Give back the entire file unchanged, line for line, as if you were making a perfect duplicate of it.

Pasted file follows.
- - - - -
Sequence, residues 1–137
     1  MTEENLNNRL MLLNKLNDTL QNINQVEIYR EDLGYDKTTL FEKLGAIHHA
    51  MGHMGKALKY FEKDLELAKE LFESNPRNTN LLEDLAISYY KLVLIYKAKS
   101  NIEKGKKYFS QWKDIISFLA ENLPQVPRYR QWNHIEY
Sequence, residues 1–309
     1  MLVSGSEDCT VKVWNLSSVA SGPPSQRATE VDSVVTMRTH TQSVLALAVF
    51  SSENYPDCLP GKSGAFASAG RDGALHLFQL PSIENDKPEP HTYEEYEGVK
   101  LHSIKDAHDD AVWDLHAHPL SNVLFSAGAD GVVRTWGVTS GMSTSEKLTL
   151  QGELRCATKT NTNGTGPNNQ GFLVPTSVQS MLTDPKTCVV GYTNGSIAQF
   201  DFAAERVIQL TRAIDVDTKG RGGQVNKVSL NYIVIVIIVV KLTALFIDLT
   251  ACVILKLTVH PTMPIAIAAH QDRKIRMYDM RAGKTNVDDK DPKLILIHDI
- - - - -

Sequence, residues 1–137
     1  MTEENLNNRL MLLNKLNDTL QNINQVEIYR EDLGYDKTTL FEKLGAIHHA
    51  MGHMGKALKY FEKDLELAKE LFESNPRNTN LLEDLAISYY KLVLIYKAKS
   101  NIEKGKKYFS QWKDIISFLA ENLPQVPRYR QWNHIEY
Sequence, residues 1–309
     1  MLVSGSEDCT VKVWNLSSVA SGPPSQRATE VDSVVTMRTH TQSVLALAVF
    51  SSENYPDCLP GKSGAFASAG RDGALHLFQL PSIENDKPEP HTYEEYEGVK
   101  LHSIKDAHDD AVWDLHAHPL SNVLFSAGAD GVVRTWGVTS GMSTSEKLTL
   151  QGELRCATKT NTNGTGPNNQ GFLVPTSVQS MLTDPKTCVV GYTNGSIAQF
   201  DFAAERVIQL TRAIDVDTKG RGGQVNKVSL NYIVIVIIVV KLTALFIDLT
   251  ACVILKLTVH PTMPIAIAAH QDRKIRMYDM RAGKTNVDDK DPKLILIHDI